From 2016 to 2022, I was the Mary Tefft and John Hazen White, Sr. Assistant Professor of Sociology and International and Public Affairs at Brown University and a recipient of the William T. Grant Foundation's Scholar Award (2020-2025) for my work to reduce racial inequality in school discipline and disrupt the school-to-prison pipeline. 

At Brown, I am a member of the Department of Sociology and Watson Institute for International and Public Affairs and an affiliate of the Center for the Study of Race and Ethnicity in America, the Population Studies and Training Center, and the Annenberg Institute for Education Policy. From 2013 to 2015 I was a Robert Wood Johnson Foundation Health and Society Scholar at the University of Wisconsin-Madison. I completed a joint Ph.D. in Sociology and Demography at Princeton University. I have worked at organizations such as the Urban Institute, Mathematica Policy Research, and the U.S. House of Representatives.

My research interests lie at the intersections of race and social stratification, education, social psychology, social demography, and population health. I study how the social contexts of schools, families, and workplaces as well as the race and gender of individuals and their evaluators shape evaluations and, ultimately, lead to racial/ethnic and gender disparities in educational and economic outcomes. I am interested in how the features of one’s social context influence the psychological processes through which individuals – those in positions of power and decision-making as well as those not in positions of power – make sense of diversity and difference within organizations broadly defined, and how this carries implications for racial/ethnic and gender inequality at the organizational and population levels.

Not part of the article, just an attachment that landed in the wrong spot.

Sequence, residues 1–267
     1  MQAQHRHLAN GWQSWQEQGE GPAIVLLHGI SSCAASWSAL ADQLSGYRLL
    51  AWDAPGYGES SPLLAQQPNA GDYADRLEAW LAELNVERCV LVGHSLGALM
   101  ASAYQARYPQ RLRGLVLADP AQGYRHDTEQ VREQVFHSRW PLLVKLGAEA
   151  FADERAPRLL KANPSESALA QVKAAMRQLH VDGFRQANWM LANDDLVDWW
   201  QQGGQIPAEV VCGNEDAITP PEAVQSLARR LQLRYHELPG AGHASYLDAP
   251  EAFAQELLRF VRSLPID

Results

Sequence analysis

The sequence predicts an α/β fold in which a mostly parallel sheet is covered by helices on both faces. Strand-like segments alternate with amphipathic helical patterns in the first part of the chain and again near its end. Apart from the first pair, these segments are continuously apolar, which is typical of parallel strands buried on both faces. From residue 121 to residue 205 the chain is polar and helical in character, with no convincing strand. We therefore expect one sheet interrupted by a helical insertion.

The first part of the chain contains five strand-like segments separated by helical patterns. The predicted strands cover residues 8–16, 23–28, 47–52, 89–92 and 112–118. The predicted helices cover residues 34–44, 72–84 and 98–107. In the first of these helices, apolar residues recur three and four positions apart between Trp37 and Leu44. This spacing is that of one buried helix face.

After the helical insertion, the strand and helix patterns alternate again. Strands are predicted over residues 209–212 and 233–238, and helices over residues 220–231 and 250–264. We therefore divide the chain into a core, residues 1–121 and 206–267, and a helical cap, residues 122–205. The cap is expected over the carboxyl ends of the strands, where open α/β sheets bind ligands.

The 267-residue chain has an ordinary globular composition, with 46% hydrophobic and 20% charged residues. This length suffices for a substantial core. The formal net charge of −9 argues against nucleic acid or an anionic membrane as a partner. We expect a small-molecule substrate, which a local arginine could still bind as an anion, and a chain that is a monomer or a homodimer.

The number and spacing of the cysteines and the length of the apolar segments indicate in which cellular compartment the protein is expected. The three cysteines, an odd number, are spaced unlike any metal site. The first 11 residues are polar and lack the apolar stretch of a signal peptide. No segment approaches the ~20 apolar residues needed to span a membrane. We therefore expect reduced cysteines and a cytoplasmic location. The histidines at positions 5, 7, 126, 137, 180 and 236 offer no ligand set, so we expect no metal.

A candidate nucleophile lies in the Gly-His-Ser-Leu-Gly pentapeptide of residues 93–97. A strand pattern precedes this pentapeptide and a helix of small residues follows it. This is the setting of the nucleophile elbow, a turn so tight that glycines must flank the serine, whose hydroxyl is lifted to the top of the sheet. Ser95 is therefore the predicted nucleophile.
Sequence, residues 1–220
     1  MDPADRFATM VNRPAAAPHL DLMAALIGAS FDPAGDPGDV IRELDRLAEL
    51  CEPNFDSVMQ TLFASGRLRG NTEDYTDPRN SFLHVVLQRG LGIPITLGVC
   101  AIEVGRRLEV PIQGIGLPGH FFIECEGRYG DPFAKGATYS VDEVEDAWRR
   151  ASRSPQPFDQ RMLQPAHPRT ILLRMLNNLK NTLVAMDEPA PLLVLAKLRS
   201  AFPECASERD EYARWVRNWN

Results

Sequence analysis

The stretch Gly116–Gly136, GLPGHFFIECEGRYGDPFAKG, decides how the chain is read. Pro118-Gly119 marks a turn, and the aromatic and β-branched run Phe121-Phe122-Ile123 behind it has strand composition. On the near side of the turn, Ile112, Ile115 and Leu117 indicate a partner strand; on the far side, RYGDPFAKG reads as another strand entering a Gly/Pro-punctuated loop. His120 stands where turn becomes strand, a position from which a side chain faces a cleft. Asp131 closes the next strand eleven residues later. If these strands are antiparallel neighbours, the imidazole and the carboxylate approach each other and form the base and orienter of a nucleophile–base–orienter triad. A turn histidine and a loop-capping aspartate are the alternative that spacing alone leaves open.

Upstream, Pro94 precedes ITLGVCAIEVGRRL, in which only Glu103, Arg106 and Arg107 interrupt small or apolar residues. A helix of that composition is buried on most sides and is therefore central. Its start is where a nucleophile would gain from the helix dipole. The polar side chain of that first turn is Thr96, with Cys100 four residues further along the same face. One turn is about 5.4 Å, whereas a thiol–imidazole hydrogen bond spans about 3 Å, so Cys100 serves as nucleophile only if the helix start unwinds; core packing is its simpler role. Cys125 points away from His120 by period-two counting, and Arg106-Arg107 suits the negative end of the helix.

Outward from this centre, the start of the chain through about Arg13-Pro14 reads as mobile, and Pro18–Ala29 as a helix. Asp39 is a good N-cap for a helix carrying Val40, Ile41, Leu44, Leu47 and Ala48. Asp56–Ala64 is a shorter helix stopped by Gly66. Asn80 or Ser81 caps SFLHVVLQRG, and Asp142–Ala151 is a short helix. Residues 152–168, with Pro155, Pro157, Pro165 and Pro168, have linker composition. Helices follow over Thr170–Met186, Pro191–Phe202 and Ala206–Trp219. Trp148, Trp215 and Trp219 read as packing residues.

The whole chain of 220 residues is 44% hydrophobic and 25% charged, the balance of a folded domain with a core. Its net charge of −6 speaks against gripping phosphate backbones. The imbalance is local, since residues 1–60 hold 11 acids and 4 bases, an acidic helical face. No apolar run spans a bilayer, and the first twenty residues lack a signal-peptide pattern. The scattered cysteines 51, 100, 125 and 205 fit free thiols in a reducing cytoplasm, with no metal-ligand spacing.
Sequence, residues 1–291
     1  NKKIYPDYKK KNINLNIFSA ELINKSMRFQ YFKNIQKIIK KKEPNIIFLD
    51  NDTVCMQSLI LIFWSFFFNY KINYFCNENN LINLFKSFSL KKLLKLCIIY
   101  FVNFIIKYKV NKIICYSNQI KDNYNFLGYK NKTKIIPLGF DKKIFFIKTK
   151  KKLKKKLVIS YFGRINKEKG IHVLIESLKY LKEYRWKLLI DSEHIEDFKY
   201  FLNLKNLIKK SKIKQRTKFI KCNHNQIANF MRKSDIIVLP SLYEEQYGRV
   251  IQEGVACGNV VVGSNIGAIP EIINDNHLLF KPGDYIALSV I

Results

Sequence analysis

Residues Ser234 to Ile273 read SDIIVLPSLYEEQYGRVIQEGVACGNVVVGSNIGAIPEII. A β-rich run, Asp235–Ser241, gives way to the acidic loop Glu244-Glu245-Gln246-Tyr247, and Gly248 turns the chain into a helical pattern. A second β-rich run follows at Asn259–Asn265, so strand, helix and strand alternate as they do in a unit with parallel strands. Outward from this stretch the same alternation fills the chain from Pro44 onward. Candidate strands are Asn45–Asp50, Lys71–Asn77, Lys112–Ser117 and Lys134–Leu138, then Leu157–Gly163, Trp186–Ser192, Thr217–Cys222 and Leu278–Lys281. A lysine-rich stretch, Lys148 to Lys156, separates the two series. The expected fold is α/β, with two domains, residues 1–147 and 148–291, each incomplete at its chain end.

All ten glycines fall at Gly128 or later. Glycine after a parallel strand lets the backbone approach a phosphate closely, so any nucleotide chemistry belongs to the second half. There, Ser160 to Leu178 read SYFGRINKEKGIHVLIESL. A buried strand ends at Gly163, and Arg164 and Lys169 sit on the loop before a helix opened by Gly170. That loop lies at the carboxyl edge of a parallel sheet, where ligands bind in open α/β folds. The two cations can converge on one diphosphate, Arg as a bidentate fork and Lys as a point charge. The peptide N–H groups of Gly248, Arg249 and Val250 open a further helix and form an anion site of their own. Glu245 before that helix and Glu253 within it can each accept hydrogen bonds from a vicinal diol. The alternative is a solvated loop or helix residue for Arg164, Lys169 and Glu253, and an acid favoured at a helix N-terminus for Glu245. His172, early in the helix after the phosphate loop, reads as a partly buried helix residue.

On the one hand, I consider how people in positions of power, like teachers, parents, and workplace managers evaluate behaviors and competencies and make decisions about conferring punishments and rewards. I am particularly interested in how the same behaviors and competencies are differentially punished and/or rewarded based on factors such as individuals’ race and gender and organizational context. On the other hand, I examine how social context influences the ways in which people not typically in positions of power, like students and job applicants who are the targets of racial and gender stereotypes, manage stereotyping by modulating their behaviors, self-presentation, expectations, and achievement.

My research has been funded by the William T. Grant Foundation, the Spencer Foundation, the National Academy of Education, the Foundation for Child Development, the Robert Wood Johnson Foundation, the National Science Foundation, the National Institutes of Health, the Social Science Research Council, the Andrew Mellon Foundation, and the Institute for Clinical and Translational Research at the University of Wisconsin. Resulting work has been published in Social Forces, Sociology of Education, Journal of Health & Social Behavior, Social Science & Medicine, Ethnic and Racial Studies, Social Science Research, Sociology of Religion, and the Peabody Journal of Education.